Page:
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Magnanimity in victory

Prime Minister Benjamin Netanyahu gestures during his victory speech at Likud headquarters

Benjamin Netanyahu won a decisive victory in the Israeli elections last week but he must not allow the win to go to his head. Netanyahu must face the possibility of a nuclear-armed Iran, a de-legitimized Israel and a very angry President Barack Obama, who, with two years left in his presidency, is engaged in an intense cold war with Netanyahu.

Although Netanyahu benefited from the numbers that he got from the rightwing nationalists and the ultra-Orthodox community, he needs to include the rest of Israel, even those who didn’t vote for him. Netanyahu has a lot of responsibilities now and many of them may require compromise. In the past two or three days before the election when it looked like Netanyahu was going to lose, he pulled out all the stops, proclaiming that there will not be a Palestinian state on his watch.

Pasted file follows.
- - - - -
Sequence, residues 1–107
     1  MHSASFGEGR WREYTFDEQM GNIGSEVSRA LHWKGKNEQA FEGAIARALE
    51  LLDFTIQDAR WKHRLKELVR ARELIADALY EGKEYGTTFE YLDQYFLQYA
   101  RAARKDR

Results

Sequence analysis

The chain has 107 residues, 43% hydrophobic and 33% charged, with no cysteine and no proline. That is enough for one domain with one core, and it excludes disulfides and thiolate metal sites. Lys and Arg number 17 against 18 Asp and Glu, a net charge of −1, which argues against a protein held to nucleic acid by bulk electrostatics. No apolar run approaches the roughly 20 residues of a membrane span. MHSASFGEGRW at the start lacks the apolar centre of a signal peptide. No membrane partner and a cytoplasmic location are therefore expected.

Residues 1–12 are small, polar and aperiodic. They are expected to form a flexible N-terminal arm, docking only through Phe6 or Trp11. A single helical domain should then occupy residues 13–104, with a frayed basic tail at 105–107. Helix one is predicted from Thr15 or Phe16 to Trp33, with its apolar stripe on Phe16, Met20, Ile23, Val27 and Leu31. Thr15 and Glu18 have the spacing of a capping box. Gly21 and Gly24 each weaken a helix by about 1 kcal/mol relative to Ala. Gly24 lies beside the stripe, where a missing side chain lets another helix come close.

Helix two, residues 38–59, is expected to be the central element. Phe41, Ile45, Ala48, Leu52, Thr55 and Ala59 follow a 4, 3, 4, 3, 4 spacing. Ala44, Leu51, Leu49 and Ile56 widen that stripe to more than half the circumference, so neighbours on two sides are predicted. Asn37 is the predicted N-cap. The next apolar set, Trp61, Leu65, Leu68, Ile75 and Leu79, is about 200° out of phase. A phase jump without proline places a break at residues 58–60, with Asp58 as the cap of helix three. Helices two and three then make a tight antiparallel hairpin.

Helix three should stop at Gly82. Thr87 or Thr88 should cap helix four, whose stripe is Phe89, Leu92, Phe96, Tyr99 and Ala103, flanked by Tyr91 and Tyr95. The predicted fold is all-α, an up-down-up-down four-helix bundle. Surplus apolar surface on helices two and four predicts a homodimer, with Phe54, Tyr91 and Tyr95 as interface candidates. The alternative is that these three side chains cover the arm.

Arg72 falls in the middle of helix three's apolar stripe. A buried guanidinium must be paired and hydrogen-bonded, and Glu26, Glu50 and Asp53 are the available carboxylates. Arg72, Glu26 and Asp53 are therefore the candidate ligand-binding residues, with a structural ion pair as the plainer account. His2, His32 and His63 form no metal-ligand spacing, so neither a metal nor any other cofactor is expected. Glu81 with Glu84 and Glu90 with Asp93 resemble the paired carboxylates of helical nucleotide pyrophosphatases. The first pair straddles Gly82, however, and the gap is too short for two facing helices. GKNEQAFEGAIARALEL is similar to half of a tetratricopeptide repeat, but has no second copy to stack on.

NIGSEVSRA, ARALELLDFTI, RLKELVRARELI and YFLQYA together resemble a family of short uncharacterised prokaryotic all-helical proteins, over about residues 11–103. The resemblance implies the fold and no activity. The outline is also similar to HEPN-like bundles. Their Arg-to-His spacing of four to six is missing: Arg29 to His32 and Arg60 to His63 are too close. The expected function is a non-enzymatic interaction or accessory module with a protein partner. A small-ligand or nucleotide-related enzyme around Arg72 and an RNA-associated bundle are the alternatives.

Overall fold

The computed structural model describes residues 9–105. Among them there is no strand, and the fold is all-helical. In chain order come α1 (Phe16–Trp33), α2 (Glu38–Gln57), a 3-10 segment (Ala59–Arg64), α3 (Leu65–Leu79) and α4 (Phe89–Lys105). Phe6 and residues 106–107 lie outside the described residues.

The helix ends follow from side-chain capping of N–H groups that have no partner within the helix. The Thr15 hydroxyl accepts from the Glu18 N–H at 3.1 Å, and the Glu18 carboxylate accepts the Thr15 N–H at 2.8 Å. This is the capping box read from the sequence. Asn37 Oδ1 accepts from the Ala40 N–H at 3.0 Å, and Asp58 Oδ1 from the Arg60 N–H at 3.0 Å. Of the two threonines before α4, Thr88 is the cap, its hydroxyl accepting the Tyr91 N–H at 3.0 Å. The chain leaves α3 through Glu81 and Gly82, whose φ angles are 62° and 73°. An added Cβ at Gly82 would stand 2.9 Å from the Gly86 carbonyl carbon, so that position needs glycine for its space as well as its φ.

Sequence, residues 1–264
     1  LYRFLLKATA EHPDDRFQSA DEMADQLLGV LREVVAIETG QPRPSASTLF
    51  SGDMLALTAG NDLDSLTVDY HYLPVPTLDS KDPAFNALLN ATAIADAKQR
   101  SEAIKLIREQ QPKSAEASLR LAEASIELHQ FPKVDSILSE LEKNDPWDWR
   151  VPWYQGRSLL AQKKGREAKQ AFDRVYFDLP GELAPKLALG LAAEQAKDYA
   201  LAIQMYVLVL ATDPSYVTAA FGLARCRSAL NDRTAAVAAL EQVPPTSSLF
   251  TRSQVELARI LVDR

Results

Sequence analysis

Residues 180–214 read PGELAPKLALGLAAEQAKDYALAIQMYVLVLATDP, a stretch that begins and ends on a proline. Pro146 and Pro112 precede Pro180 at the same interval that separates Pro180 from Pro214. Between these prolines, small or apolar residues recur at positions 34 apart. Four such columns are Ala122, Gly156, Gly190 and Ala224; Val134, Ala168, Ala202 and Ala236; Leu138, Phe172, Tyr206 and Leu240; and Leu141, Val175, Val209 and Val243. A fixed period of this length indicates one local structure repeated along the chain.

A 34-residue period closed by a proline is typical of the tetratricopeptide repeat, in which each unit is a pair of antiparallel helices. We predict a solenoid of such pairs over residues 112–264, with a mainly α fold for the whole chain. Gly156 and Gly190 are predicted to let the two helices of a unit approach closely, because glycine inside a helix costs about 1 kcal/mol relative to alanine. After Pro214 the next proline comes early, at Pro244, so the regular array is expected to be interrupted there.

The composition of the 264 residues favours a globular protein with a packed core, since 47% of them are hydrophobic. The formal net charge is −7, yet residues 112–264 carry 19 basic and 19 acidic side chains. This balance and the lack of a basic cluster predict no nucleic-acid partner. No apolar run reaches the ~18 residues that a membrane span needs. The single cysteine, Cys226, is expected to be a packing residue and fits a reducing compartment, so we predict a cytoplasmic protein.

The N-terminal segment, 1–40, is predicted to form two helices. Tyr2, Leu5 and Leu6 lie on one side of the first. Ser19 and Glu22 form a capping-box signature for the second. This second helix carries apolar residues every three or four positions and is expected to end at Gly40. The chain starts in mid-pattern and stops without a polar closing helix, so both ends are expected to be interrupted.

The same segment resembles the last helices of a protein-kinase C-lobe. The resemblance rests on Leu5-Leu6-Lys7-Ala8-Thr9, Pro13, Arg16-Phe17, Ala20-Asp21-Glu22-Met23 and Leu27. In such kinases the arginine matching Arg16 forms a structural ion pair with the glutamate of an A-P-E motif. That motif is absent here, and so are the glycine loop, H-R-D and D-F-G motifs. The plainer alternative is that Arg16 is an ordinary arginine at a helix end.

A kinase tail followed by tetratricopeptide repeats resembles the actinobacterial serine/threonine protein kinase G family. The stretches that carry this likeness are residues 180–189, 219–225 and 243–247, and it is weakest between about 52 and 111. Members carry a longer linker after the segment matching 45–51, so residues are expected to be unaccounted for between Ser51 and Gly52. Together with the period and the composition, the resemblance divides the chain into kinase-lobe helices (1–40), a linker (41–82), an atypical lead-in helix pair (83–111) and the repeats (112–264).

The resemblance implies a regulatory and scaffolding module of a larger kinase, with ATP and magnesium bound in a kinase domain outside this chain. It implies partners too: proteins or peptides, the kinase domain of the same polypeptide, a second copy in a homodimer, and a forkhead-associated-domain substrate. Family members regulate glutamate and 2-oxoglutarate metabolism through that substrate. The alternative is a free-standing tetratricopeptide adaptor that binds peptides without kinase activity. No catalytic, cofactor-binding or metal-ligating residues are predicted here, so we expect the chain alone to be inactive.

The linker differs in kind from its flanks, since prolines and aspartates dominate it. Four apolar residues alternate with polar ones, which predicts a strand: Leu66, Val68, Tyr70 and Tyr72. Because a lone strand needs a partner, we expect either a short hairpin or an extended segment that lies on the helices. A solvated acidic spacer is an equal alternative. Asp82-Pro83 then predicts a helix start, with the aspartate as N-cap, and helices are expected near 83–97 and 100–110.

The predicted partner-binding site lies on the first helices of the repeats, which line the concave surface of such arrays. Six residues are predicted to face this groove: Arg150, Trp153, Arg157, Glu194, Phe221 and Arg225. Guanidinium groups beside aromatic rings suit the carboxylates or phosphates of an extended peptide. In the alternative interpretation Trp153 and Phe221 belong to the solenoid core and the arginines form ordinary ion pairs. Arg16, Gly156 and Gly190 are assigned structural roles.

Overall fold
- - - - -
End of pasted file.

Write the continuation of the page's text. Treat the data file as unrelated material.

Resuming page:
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Man of peace

Barack Obama

US President Barack Obama takes the stage to speak at the National Prayer Breakfast in Washington, February 5, 2015. Flanking Obama are Pennsylvania Senator Robert Casey (L) and Mississippi Senator Roger Wicker. (photo credit:REUTERS)

When House Speaker John Boehner and Prime Minister Benjamin Netanyahu out-maneuvered President Barack Obama by planning for Netanyahu to address the US Congress this March, they did something risky. For AIPAC, bipartisanship is the holy grail of the American-Israeli relationship and this move may now cause a split along party lines. There is also the danger that the planned speech may raise the specter of anti-Semitism in America where there are already have been minority voices that have said in the past that Israel is conducting its foreign policy at the expense of American foreign policy.